Personal Independence Payments (PIP)

March 2017

I have received a lot of correspondence from constituents about the recent announcements about Personal Independence Payments (PIP).

This Government is committed to ensuring that our welfare system is a strong safety net for those who need it and I am proud that we spend around £50 billion a year - 2.5% of Britain's GDP - supporting people with disabilities and health conditions. The Government has also made a firm commitment to reduce the employment disability gap and in the last three years alone, the number of disabled people in work has increased by nearly 600,000.

Whilst I do sympathise with concerns about the recent announcements, I am assured that there has been no policy change. Contrary to some reports, the Government is not intending to make new savings on its spending on disability benefits and no claimant will see a reduction in the amount of PIP previously awarded to them by the Department for Work and Pensions. This Government is investing more in mental health than ever before - spending a record £11.4billion a year. There are more people with mental health conditions receiving the higher rates of PIP than there were under the old DLA system - more than two thirds of PIP recipients with a mental health condition get the enhanced component compared to just 22% who used to receive the highest rate of DLA care.

At the core of PIP is the principle of equivalence between physical and non-physical conditions and it is designed to give more support to those who are likely to have higher costs associated with their disability. In making this recent announcement, the Government is seeking to clarify the law on assessment criteria and restore the original intention of PIP, which the recent legal judgements had expanded. The Government did not intend for PIP to be awarded on the basis of the medical condition that a person may be suffering with, but on the basis of the extent to which their impairment or health condition affects their ability to live an independent life.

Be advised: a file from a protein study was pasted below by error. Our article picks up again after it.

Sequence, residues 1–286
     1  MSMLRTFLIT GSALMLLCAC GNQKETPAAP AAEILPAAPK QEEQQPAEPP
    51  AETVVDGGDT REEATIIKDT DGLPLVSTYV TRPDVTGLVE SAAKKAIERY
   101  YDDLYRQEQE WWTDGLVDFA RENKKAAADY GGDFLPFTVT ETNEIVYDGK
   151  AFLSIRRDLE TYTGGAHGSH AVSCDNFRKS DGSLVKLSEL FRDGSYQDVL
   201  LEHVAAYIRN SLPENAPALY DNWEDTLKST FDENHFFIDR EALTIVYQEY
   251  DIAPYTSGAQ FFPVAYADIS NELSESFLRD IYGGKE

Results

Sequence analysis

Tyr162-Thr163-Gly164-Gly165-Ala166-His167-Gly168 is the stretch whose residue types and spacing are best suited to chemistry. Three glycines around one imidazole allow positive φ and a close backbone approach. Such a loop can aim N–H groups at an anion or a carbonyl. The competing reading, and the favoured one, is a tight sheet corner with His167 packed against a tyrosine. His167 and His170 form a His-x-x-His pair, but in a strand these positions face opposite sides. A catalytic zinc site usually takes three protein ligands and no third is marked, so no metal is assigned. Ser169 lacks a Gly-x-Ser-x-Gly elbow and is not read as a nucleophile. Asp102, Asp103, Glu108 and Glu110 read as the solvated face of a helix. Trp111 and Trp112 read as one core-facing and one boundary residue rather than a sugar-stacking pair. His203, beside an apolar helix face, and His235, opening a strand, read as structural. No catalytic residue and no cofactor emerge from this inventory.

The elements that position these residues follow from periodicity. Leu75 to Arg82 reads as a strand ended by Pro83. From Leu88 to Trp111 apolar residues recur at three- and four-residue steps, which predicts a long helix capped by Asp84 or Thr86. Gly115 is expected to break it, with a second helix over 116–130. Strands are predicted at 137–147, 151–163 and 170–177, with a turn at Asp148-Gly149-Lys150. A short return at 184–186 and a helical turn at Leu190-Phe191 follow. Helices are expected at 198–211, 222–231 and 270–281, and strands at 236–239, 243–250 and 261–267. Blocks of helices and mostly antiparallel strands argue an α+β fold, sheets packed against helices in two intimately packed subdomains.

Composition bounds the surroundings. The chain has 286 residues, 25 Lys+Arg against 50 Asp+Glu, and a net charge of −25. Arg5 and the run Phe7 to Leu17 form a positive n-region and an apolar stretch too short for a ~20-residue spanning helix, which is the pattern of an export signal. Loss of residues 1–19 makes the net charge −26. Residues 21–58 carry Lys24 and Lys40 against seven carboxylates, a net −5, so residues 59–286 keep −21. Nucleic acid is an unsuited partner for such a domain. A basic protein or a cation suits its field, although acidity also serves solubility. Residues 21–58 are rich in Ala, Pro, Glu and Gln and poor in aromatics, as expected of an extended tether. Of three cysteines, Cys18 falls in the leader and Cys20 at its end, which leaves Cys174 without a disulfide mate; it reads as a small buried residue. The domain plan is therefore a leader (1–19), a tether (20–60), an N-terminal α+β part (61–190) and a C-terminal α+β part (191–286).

With regards to the statistic of 160,000 people being prevented from receiving financial support as a result of this announcement, the Government has confirmed that this is not the case. The Government's announcement affects just two descriptors of the twelve different attributes considered in each application - it does not automatically deny applicants PIP. Further information about the Government's announcement, including a Written Statement from the Minister of State for Disabled People, Health and Work, Penny Mordaunt, is available here:

I will be closely monitoring how this works at a local level and new claimants who feel they are not getting the appropriate and necessary support should contact me at the earliest opportunity.